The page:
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Home > Pier 21 > Remarks by Melynda Jarratt

Melynda Jarratt speaks at the Dedication Ceremony at Pier 21, August 26, 2000. Photo: Parks Canada.

Melynda Jarratt speaks at the Dedication Ceremony at Pier 21, August 26, 2000. Photo: Parks Canada.

I have been asked to give a brief historical overview of the Canadian War Brides, but how does one begin to tell the story of nearly 50,000 British and European women, whose lives and Canada's destiny were shaped by the fortunes of war and their love for a Canadian serviceman?

Each brides' story is unique: most came to Canada, not knowing what to expect, they dug in, adapted, compromised, made homes for their husbands and families and became good Canadian citizens. Many lived ordinary lives, other rose to prominance, but all together they have been great assets to this country, and their hundreds of thousands of descendents are living testimony to their enduring legacy.

We are here today at Pier 21 to celebrate the War Brides, for this is the place where they were first introduced to Canada. How appropriate that, fifty-four years ago this very week, on August 31, 1946, the Queen Mary sailed into Halifax, carrying a precious cargo of 1000 brides and their 1000 children, as well as Prime Minister MacKenzie King. As they readied to disembark at Halifax, the ship's Commandant, W.E. Sutherland, delivered a hand-signed "note of appreciation" to the War Brides. Despite the passage of time, his words still ring true and I will repeat them today.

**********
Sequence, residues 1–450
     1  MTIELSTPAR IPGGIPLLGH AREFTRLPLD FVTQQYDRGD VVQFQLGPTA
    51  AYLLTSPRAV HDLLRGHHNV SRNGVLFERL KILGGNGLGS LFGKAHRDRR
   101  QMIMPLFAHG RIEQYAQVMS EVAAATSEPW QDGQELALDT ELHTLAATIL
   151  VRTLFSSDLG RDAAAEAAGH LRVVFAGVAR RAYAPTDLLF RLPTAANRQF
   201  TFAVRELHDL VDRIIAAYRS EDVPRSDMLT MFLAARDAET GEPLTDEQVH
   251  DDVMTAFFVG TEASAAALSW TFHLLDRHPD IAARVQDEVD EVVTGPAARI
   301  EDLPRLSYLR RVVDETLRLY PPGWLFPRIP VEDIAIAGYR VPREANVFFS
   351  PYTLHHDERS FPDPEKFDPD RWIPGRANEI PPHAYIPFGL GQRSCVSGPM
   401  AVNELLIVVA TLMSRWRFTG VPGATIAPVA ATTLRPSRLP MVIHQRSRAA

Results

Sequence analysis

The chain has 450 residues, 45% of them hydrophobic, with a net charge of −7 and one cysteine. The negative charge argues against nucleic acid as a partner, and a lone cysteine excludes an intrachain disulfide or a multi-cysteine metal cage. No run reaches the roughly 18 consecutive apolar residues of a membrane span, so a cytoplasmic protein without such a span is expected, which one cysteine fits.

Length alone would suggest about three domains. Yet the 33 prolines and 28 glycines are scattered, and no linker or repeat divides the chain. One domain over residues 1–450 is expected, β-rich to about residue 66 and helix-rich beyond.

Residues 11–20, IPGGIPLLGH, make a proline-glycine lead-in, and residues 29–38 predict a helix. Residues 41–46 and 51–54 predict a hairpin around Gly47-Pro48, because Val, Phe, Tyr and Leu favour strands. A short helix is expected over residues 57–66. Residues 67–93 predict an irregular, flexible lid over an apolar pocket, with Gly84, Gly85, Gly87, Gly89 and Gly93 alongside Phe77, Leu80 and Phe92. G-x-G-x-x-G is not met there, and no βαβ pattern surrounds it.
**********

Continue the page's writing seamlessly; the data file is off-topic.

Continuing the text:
"Canada welcomes you with a feeling of great admiration and pride - you of British blood and those of Allied stock, who have stood up so courageously under all the adversities of war that have struck home to you so severely through the past six years. Canada will benefit who won the everlasting admiration of all decent peoples of the world by the magnificent manner in which you conducted yourselves through those long, dark, trying war years. To one and all, I express sincere wishes for your future happiness, prosperity and well-being, in whatever part of Canada you locate in, from Halifax to Vancouver, may you find contentment in every respect."

You were an inspiration then, and you are an inspiration today: may we never forget the Canadian War Brides of World War Two.

At this time, I would like to say thank you to two War Brides who have had an enormous impact on my own life: Doris Lloyd, founding President of the New Brunswick War Brides Association, and Olga Rains.

Thank you.

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